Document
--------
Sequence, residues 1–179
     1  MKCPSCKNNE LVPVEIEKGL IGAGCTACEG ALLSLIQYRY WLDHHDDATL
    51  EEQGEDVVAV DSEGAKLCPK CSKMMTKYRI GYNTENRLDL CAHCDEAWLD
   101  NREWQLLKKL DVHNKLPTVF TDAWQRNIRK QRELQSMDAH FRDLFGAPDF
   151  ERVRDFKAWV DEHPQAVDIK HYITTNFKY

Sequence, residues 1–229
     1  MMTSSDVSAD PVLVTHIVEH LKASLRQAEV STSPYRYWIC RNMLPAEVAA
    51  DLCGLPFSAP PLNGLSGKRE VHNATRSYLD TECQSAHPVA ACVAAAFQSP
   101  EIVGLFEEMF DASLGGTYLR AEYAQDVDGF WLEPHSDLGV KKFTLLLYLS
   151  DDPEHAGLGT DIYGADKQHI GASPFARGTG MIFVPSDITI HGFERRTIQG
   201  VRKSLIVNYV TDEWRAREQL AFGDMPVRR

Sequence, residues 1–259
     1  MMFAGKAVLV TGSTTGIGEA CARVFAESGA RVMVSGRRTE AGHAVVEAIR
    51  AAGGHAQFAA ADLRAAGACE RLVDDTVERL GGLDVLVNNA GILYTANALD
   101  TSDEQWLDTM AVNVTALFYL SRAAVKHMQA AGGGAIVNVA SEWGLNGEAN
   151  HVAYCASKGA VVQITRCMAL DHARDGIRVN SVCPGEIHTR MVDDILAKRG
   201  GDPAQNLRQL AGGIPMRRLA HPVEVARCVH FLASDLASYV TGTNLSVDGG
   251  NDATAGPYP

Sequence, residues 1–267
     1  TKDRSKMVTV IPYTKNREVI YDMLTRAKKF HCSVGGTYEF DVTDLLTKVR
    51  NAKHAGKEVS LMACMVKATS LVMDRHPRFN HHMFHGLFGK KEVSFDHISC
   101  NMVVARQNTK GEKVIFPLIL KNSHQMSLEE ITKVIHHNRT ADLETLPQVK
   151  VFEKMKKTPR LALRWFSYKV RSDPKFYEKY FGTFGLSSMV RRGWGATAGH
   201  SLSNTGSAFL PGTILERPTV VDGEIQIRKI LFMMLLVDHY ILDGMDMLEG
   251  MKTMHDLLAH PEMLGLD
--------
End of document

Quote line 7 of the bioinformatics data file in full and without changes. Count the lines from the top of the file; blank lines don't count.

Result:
     1  MMTSSDVSAD PVLVTHIVEH LKASLRQAEV STSPYRYWIC RNMLPAEVAA